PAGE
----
Valdez: Citizen rule
In the spring of 1898, Valdez's citizen founders not only voted in and out of office
their first Townsite Trustees in a matter of weeks, they made it clear that the citizens
expected a prominent role in government. Rather than the representative form of government adopted by the US Constitution, the citizens opted for a more participatory
form of government based upon the Miner's Meetings. Miners Meetings were a form of
government developed during the California gold rush and later sanctioned by the
supreme court. In Miner's Meetings every participant voted and helped to enforce the regulations.
During the spring, summer and fall of 1898, the Valdez citizens expected the Townsite
Committee to propose regulations to them which they then could modify and vote upon
at Citizen's Meetings. The citizens retained the right to make financial decisions
and to dispense justice.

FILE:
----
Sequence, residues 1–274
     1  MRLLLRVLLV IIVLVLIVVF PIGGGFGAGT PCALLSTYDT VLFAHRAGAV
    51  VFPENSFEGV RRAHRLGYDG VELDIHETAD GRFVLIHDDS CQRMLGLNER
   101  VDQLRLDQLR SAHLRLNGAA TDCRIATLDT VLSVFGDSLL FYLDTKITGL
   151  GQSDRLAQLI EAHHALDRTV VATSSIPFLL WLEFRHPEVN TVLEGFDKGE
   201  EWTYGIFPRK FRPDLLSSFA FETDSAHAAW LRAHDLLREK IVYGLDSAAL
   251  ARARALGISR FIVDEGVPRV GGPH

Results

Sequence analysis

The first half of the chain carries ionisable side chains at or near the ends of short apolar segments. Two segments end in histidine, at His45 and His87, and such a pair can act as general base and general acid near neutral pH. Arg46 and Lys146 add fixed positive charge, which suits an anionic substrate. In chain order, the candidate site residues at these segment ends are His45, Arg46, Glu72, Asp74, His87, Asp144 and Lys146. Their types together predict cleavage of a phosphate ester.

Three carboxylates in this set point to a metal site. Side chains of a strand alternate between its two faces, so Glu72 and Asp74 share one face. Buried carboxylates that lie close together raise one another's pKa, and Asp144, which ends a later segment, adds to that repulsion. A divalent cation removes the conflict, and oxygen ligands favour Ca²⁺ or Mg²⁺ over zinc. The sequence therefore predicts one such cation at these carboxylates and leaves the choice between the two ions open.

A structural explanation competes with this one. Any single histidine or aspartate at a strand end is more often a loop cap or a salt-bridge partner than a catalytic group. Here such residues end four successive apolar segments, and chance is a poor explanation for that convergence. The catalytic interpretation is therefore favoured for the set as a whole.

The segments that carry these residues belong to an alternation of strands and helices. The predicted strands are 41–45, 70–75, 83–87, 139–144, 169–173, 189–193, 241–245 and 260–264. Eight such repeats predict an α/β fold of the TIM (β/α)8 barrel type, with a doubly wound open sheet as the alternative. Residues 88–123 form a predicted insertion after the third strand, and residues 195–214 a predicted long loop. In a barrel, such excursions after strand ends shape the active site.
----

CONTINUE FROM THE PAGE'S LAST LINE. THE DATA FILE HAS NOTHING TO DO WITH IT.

In mass assemblies, the citizens soon passed ordinances giving women the right to
own property, requiring sanitation and garbage disposal, prohibiting shooting within
800 yards of the townsite, and protecting the town's drinking water. They changed
the Townsite Committee's proposed voter requirement from 30 days residency to two weeks and
refused to pass an ordinance setting a uniform punishment for those convicted of
violations. It was a heady time for citizens seeking to establish a new town and
government on the Alaskan frontier.
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© Copyright 1998 Nancy Lethcoe and Virtual Valdez.
This page is a Valdez Gold Rush site.